Search the site

Author Anton Viljoen

Copper Cost Analyst View profile

Historically, African copper assets have demonstrated competitive cash margins and recent favourable site costs. With the copper price expected to enter a phase of expansion, African copper assets are well-positioned to experience considerable benefits.

Although Africa accounts for only 6% of the world's copper ore production, it stood as the third largest producing region in 2023, with 16% of the world’s mined copper units. This is primarily due to the high-grade nature of the central African Copperbelt – the source of over 90% of Africa's copper.

Africa's total copper output reached 3.6 million metric tons in 2023, reflecting an 8% year-on-year (y/y) increase and contributing to 16% of world copper supply. This growth is predominantly driven by the rapid expansion of projects within the DRC, which has increased its global prominence by 1 Mt, nearly doubling its output over the past five years. This surge is attributed to key projects such as Kamoa-Kakula, Sicomines, and Metalkol. The outlook for the DRC is of continued increase, most notably due to expansions at both Kamoa-Kakula and Tenke Fungurume.

Another country with a deep history of production from the Central African Copperbelt is Zambia. Despite production decreases in the last three years, the country produced just under 800 kt of copper in 2023. With the recent approval of the S3 expansion at Kansanshi and the fast-tracking of a Lumwana expansion scenario, coupled with the re-gain of control over Konkola Copper Mines by Vedanta, Zambia is poised to transition into a phase of copper growth over the medium term.

Data from CRU Base metals cost and emission services

From a cost perspective, African copper mining compares favourably to other regions. In terms of both site costs and value-adjusted cash costs, including royalties (VACC), Africa falls just above the world average – with site costs at $4,731/t and a VACC of $3,067/t. Currently, this positions Africa as the third-lowest region in terms of site costs, behind Central and South America, and Asia (excluding China). In contrast, 14 years ago, Africa had the highest site costs among all global regions.

Data from CRU Base metals cost and emission services

Although, on average, African copper assets have a favorable VACC, a closer examination of individual assets unveils a nuanced distribution. The largest producing assets, with notably low VACC (hovering around the second quartile), are situated in the DRC. These specific assets benefit from favorable by-products, such as cobalt, which despite cobalt’s diminishing fortunes, significantly reduces overall costs.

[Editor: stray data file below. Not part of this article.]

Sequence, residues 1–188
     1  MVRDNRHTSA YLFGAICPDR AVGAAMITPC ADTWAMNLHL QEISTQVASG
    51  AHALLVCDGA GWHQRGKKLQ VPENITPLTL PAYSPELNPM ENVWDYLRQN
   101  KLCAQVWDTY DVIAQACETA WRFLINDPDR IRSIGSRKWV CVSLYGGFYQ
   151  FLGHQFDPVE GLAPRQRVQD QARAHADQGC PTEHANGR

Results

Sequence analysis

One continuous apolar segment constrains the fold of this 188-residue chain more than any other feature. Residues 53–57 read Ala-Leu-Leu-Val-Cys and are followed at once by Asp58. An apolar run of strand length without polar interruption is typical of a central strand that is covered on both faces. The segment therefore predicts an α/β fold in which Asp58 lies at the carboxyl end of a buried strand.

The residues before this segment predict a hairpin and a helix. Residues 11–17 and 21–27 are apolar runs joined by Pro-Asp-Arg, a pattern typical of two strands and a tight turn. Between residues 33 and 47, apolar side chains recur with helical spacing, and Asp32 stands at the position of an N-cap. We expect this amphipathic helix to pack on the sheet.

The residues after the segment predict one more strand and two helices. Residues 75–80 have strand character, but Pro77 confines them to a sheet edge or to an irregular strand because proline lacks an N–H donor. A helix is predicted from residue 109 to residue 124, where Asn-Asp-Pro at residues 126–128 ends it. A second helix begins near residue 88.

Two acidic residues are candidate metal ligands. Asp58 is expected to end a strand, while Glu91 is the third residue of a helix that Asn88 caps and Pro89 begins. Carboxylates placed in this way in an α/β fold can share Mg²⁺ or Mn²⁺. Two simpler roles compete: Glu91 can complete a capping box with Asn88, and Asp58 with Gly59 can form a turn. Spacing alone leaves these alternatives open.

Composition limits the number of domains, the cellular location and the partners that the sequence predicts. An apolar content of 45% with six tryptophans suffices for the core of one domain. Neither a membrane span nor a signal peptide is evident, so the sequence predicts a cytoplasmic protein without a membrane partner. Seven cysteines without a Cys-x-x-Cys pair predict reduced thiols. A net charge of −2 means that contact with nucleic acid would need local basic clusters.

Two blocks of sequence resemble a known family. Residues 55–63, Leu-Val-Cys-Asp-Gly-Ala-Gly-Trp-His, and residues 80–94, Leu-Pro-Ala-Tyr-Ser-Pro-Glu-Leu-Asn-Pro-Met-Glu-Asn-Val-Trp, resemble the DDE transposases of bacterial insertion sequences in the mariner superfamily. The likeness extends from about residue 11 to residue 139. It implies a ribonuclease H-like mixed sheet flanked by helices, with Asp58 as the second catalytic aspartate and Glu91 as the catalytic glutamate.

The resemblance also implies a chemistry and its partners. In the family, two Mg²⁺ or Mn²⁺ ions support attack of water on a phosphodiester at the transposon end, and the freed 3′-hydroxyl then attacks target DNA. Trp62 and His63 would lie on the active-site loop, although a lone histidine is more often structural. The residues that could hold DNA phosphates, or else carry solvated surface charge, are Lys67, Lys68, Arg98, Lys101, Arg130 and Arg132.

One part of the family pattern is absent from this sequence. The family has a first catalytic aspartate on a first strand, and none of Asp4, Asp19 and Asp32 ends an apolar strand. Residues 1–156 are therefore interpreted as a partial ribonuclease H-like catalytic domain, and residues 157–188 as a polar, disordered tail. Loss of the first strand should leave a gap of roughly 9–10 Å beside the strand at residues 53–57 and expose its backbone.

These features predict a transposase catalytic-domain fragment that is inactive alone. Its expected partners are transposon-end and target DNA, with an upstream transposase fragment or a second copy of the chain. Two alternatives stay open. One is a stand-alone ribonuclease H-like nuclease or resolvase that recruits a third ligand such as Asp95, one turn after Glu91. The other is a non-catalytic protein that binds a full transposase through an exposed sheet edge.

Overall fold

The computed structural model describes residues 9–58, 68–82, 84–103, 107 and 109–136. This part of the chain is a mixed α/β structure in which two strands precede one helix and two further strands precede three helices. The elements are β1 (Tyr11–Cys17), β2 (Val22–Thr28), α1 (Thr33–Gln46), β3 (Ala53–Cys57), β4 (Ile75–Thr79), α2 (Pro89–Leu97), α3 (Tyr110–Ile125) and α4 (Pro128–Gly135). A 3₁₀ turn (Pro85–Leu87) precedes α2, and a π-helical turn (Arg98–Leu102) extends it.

In contrast, Zambia is currently the highest-cost major producing country, as the copper deposits from this region mostly lack substantial by-products, aside from relatively minor gold and silver. As a result, the majority of these assets are positioned higher on the VACC cost curve, with many clustered between the 75th and 90th percentile.

Despite VACC costs being considerably lower in the DRC, this is not only due to the by-product revenue of cobalt, but is also assisted substantially by overall lower unit site costs compared to Zambia.

The difference in site costs can be mostly attributed to the significant grade difference between the two regions. The DRC is the highest-grade copper producing country globally, with a weighted average head grade of 3.4%, compared to Zambia’s 1.1%. In simplified terms, a ‘typical’ Zambian mine must process three times more ore than its northern neighbour to produce  one unit of copper. Despite this, Zambia’s average head grade is still favourable compared to the world average of 0.58% and thus still contains competitive site costs compared to other countries.

African copper assets have on average maintained a strong VACC (cash) margin over time. Despite relatively high site costs in the late 2000s, VACC remained competitive, primarily driven by the DRC’s cobalt by-product revenues.

However, with copper forecast to surpass $12,000 per ton by 2028, by-product revenues will start to contribute to a lesser degree to the overall cash margin. Moreover, with site costs and VACC expected to rise in Africa, the forecast increase in copper price will exceed that of site cost and VACC escalation, leading to widening margins.

Africa and more specifically, the DRC and Zambia, are well placed to benefit.

CRU's Base Metals Cost and Emission Services provide independent and detailed costs and emissions breakdowns for 100% of global supply of copper, nickel, lead and zinc.

Explore this topic with CRU

Author Anton Viljoen

Copper Cost Analyst View profile